El Salvador Lessons for the TPP Fight
The executives of a global mining corporation assumed it would be easy to get their way in Cabañas, a rural region of northern El Salvador. They were wrong.
What they wanted was to extract the rich veins of gold buried near the Lempa River, the water source for more than half of El Salvador’s 6.2 million people. Instead, local farmers and others came together to fight the project over concerns that the toxic chemicals used in gold mining would poison their water. In time, they won over a strong majority of the public and rallied the Catholic Church, small businesses, and labor and environmental groups to successfully pressure the national government to oppose mining.
Then the company struck back. Pacific Rim (a Canadian firm later bought by Australia-based Oceana Gold) filed a lawsuit against the government of El Salvador in 2009, demanding $250 million in compensation for the loss of profits they’d expected to make from their mining project there. This is a staggering sum for a cash-strapped country, the equivalent of 40 percent of El Salvador’s entire public health budget in 2015.
After seven years of legal blackmail aimed at getting the Salvadoran government to back down and allow the mining to go ahead, an international tribunal that is part of the World Bank Group finally dismissed the lawsuit on October 14. They also ordered the company to pay $8 million of the government’s legal expenses. For the Salvadoran anti-mining activists who have paid a painfully high price for their resistance, it was a measure of justice.
One of those activists is Miguel Angel Rivera. In June 2009, his brother Marcelo, a prominent cultural and environmental leader who opposed the mine, was tortured and assassinated. While questions remain, many activists believe that pro-mining forces—including local politicians who stood to benefit if Pacific Rim started mining—are ultimately responsible for his murder.
We first met Miguel in October 2009, when he and four others active in El Salvador’s National Roundtable against Mining traveled to Washington to receive the Institute for Policy Studies’ Letelier-Moffitt Human Rights Award, a prize that brought international recognition to this struggle. Then when we made our first trip to Cabañas in 2011 to learn more about the mining resistance, Miguel greeted us at the airport.
As he drove us through mountainous roads to the office of his employer, ADES (the Social and Economic Development Association), we asked him how he’d come to opposing mining. He pointed to our water bottle and said “Just like you, water is our priority.”
In the years since, we’ve met hundreds of people in Cabañas who have risked their lives in the struggle against mining under the banner of “Water for Life.” Miguel Rivera and his fellow roundtable members kept up resistance by constantly mobilizing the neighboring communities of Cabañas, frequently traveling to the capital to lobby policymakers and rally their allies, and keeping up the drumbeat through the press, including community radio. They also traveled internationally to spread the story of their struggle and build solidarity across borders.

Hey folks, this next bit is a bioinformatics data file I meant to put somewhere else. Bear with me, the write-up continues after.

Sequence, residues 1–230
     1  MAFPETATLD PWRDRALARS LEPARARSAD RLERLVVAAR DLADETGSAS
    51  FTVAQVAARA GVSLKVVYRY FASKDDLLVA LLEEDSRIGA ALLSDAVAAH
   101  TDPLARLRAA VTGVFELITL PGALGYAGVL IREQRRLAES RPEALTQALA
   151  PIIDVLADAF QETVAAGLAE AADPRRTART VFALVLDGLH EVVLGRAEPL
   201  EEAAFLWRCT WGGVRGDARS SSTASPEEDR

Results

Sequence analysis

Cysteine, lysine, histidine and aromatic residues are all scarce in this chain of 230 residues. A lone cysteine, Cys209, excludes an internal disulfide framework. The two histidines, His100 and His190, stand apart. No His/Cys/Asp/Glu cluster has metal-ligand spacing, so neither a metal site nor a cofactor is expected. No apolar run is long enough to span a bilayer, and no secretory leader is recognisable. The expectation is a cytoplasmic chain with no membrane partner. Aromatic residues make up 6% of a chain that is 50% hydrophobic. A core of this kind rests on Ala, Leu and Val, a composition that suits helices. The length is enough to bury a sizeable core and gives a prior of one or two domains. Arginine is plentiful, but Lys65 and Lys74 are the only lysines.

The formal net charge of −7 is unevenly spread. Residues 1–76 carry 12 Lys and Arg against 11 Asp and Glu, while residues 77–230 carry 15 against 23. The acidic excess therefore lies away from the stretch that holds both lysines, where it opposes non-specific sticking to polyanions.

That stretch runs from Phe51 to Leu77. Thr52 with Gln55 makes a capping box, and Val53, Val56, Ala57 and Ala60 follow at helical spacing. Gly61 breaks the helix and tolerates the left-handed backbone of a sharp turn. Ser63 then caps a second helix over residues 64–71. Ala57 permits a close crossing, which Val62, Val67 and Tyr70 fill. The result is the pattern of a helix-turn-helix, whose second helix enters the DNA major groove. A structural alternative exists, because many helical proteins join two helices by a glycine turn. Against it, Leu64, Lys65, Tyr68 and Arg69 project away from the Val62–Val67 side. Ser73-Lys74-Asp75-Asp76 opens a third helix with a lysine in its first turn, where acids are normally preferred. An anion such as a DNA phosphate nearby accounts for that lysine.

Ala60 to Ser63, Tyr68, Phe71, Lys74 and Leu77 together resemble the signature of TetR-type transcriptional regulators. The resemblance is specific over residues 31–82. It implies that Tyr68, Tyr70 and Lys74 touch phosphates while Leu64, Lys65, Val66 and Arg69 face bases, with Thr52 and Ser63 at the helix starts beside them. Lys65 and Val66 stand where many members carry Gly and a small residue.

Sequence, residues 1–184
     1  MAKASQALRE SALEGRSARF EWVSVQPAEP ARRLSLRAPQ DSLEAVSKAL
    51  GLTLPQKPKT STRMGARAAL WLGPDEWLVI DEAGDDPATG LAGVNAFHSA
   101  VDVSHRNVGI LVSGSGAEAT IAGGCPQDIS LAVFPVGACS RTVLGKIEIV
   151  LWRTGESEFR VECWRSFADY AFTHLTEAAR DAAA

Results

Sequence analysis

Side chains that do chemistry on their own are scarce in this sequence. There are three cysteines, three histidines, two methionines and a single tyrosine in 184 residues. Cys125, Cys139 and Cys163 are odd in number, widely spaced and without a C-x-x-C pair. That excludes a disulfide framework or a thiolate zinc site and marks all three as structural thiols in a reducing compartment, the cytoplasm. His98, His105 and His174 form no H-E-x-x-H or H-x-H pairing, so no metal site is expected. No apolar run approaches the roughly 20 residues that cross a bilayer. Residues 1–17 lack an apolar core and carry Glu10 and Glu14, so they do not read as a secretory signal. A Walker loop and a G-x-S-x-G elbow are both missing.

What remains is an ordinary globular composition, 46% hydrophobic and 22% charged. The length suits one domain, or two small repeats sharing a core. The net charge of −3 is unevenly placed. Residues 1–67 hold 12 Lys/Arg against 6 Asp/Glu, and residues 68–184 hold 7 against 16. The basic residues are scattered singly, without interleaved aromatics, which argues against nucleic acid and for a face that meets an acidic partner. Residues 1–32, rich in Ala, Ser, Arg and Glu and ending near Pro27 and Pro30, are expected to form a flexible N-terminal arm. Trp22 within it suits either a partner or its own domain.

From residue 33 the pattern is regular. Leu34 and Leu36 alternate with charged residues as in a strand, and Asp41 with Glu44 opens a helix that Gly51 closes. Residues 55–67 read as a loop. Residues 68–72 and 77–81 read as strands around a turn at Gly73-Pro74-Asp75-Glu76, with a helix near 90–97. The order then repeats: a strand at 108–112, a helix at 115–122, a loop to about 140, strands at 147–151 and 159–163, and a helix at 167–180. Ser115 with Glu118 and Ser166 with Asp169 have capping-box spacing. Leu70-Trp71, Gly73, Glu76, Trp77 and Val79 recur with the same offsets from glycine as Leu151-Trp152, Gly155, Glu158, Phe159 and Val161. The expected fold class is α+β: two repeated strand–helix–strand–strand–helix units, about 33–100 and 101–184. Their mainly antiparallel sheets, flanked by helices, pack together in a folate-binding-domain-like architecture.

Their perseverance was truly remarkable in a country where nearly a third of the population is living under the national poverty line and where activists faced constant threats. The same year Marcelo Rivera was murdered, two other anti-mining activists, Ramiro Rivera and Dora Alicia Recenos, were also assassinated. And then in 2011, Juan Francisco Durán Ayala, a volunteer with the Cabañas Environmental Committee, was also murdered. And yet in the face of severe risk and economic hardship, people on the ground stood up and said “we would love jobs but not if they come at the cost of water.”
On the day the tribunal ruled against the mining company, Miguel thanked all his international allies. “For the people who have suffered all kinds of indignities and had to overcome all kinds of difficulties and adverse situations to achieve this result, today reassures us that the ideals to which Marcelo Rivera, Ramiro Rivera, and Dora Alicia Recenos gave their lives are worthy. It fills us with joy and also gives us reason to believe that our struggle in defense of life is just.”
Of course, the struggle is not completely over. The international allies that came together in solidarity with the anti-mining movement in El Salvador are committed to pressing the mining firm to pay what they owe and leave El Salvador for good so that efforts to build viable alternatives to mining can take root.
At the same time, we’re drawing from these experiences to redouble our efforts on the trade front. We must stop the Trans-Pacific Partnership and other trade and investment agreements that give corporations the power to sue governments over actions that infringe on their profits. Although the ruling went the right way in the end, the people of El Salvador should’ve never had to go through this seven-year legal battle in the first place. Such “investor rights” are the most extreme example of excessive power granted to corporations through trade agreements.
And so, while we continue to support our heroes in El Salvador, we must also work for a whole new approach to international trade and investment that respects democracy and puts people and planet first.
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